CDC Issues Health Alert for Malaria in 2 US States

CDC Issues Health Alert for Malaria in 2 US States


Jack Phillips and Dr. Robert Gorter, MD, Ph.D.

June 27th, 2023


The Centers for Disease Control and Prevention (CDC) headquarters in Atlanta, Ga., in a file image. (Tami Chappell via Reuters)

The U.S. Centers for Disease Control and Prevention (CDC) issued an alert this week after the spread of malaria occurred within the United States for the first time in 20 years.

Four cases of malaria, caused by the plasmodium parasite, were detected in Florida, according to a CDC health alert issued Monday. Another case was found in Texas, it said.

The disease is caused by a parasite that spreads via mosquito bites, with the largest number of deaths occurring in tropical places—namely sub-Saharan Africa. Symptoms include chills, fever, tiredness, headache, muscle aches, vomiting, diarrhea, and nausea, while anemia and jaundice—a yellowing of the skin and eyes—may also occur.

If left untreated, infected individuals could develop more serious complications and die, officials say.

The CDC alert Monday said that there is “concern for a potential rise in imported malaria cases associated with increased international travel in” the summer of 2023, adding that there is also a “need to plan for rapid access to” intravenous artesunate, a medication that derives from the sweet wormwood plant Artemisia annua. The CDC classifies the drug as “the first-line treatment” for severe cases of malaria in the United States.

The agency further added that it is working with two U.S. health departments to investigate the locally acquired mosquito-transmitted Plasmodium vivax malaria cases,” adding that there isn’t any evidence to suggest that the Florida and Texas cases “are related.”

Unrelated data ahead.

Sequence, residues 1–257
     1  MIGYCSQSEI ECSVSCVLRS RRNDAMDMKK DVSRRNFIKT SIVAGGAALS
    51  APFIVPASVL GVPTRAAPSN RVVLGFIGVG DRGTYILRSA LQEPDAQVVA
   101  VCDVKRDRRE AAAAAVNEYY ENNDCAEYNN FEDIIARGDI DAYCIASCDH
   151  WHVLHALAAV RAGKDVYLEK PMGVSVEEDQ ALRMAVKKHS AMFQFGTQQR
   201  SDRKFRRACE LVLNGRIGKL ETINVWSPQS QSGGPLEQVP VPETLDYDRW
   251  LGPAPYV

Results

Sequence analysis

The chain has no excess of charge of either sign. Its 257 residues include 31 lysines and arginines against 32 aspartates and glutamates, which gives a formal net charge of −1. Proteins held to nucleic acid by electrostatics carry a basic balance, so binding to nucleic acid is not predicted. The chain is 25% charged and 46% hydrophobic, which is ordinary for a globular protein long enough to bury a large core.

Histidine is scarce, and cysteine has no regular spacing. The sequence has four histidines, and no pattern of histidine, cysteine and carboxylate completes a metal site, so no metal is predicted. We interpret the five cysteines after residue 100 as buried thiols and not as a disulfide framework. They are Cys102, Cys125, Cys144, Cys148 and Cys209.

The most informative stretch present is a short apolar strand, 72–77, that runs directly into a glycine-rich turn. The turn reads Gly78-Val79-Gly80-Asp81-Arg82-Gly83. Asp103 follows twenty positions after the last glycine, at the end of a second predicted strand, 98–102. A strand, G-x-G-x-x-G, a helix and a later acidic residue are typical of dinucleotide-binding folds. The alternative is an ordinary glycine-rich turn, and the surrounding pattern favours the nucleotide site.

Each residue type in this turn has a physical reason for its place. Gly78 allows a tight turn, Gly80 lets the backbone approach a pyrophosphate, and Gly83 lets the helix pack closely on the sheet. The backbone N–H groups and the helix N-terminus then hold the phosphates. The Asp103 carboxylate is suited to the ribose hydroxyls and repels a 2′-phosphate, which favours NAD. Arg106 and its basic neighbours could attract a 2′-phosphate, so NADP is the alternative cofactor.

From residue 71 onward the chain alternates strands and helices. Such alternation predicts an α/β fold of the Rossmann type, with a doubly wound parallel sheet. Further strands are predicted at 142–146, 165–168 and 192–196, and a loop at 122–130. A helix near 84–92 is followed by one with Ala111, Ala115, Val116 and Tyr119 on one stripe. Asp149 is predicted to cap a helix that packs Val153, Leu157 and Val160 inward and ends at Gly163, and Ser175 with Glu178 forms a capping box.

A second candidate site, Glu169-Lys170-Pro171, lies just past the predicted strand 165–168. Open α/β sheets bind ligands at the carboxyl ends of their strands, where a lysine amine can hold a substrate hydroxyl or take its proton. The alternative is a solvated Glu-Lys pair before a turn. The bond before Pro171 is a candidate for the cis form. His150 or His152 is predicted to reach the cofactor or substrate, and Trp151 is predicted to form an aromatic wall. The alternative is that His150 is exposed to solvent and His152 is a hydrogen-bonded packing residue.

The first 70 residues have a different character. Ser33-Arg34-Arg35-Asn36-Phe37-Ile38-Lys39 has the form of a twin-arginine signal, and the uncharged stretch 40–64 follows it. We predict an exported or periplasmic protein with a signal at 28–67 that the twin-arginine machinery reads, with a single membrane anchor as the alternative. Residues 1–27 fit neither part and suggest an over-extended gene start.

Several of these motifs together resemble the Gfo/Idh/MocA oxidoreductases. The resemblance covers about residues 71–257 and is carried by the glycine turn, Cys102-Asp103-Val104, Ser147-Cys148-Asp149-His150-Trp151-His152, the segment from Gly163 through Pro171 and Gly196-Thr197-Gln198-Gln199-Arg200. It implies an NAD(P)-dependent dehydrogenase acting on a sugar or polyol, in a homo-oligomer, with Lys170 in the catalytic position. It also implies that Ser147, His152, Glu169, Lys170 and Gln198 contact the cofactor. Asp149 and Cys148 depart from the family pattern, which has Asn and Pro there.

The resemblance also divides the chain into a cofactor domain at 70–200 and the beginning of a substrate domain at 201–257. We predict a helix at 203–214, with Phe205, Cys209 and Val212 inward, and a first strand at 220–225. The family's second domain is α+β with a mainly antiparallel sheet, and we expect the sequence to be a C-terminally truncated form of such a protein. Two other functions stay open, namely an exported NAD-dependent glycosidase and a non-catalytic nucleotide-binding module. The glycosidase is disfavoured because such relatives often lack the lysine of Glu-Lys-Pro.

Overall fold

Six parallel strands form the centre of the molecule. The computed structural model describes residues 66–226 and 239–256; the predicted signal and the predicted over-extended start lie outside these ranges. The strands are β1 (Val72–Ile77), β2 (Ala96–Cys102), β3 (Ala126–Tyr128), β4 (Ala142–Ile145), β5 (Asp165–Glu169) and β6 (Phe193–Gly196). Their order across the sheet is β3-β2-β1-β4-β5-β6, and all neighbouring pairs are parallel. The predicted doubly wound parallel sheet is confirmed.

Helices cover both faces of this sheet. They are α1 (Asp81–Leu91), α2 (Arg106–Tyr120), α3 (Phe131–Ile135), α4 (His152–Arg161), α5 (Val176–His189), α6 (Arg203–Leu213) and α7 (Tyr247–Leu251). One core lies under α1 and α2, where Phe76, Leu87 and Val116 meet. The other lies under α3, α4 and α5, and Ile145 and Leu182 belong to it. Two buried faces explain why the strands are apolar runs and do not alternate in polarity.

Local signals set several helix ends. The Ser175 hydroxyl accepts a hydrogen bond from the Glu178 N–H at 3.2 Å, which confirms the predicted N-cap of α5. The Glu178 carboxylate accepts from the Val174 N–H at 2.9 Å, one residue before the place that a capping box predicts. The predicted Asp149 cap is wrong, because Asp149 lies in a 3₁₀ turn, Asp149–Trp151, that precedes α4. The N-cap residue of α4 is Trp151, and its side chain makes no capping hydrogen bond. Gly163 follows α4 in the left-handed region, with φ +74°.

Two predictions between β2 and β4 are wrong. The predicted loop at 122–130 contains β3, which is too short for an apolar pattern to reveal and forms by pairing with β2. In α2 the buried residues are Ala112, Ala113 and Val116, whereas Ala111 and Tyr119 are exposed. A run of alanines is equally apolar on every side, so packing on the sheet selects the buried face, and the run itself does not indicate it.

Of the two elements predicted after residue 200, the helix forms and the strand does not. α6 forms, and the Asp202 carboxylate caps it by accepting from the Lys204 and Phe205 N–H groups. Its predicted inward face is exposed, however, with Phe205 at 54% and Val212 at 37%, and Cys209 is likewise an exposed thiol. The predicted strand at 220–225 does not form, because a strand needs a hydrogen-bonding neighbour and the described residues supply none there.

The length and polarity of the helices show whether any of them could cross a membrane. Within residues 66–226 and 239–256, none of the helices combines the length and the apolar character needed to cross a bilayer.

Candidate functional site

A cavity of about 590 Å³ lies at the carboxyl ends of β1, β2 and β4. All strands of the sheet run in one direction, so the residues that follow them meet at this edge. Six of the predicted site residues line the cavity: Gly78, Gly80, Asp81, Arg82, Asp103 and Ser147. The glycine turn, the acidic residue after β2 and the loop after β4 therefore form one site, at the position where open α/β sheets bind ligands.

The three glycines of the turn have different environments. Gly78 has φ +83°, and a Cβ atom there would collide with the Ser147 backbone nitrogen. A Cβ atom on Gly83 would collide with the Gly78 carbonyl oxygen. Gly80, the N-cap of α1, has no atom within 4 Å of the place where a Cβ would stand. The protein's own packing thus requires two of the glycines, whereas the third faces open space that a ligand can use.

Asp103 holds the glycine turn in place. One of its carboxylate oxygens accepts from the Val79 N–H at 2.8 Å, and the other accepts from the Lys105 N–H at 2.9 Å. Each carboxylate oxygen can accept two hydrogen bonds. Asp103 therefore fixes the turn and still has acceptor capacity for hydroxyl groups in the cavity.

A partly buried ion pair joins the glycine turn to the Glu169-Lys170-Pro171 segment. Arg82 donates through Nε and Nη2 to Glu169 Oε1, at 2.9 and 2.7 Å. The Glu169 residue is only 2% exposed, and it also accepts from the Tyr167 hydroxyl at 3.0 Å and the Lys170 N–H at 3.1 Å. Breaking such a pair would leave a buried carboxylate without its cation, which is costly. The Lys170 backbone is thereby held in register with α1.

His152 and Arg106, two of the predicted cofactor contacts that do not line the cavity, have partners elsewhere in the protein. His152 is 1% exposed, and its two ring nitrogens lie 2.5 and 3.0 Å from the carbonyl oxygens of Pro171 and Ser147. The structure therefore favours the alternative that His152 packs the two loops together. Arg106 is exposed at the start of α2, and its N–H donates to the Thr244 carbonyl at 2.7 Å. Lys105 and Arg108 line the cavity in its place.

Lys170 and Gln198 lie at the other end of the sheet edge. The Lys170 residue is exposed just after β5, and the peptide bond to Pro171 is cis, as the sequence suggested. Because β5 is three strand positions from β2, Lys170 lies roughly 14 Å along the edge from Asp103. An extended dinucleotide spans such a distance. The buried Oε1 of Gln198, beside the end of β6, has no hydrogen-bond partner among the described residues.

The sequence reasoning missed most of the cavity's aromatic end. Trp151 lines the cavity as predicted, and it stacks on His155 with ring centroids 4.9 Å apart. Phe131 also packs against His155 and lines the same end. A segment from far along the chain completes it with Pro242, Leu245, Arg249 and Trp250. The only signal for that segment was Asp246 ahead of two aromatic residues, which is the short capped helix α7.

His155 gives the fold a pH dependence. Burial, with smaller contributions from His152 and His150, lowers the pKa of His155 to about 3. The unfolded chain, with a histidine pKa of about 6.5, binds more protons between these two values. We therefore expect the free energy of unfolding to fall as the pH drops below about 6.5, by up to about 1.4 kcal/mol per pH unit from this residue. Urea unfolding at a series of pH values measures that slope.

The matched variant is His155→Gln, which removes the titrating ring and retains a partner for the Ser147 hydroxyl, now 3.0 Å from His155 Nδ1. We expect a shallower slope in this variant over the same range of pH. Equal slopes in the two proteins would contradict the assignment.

“In Florida,” it said, “four cases within close geographic proximity have been identified, and active surveillance for additional cases is ongoing. Mosquito surveillance and control measures have been implemented in the affected area.”


The file photo of a feeding female Anopheles stephensi mosquito crouching forward and downward on her forelegs on a human skin surface, in the process of obtaining its blood meal through its sharp, needle-like labrum, which it had inserted into its human host. (James Gathany/CDC via AP)

“In Texas, one case has been identified, and surveillance for additional cases, as well as mosquito surveillance and control, are ongoing,” the health alert said. “All patients have received treatment and are improving.”

It noted that locally transmitted mosquito-borne malaria hasn’t occurred in the United States since 2003 when about eight cases of the illness were found in Palm Beach County, also located in Florida. The alert said that some species of anopheles mosquitos, found in multiple areas around the United States, can transmit the parasitic disease if they feed on an infected individual.

The Texas Department of State Health Services last reported the detection of a local malaria case in a person who had been working outdoors. That individual, it said, had not traveled outside the country or state.

The agency advised residents to protect themselves from mosquito bites by using repellent, wearing long sleeves, and wearing long pants. It also called on people to drain pools and puddles with standing water, which is where mosquitos lay their eggs. People were advised to also keep their gutters clear of debris, cover their trash containers, and change the water in pet dishes.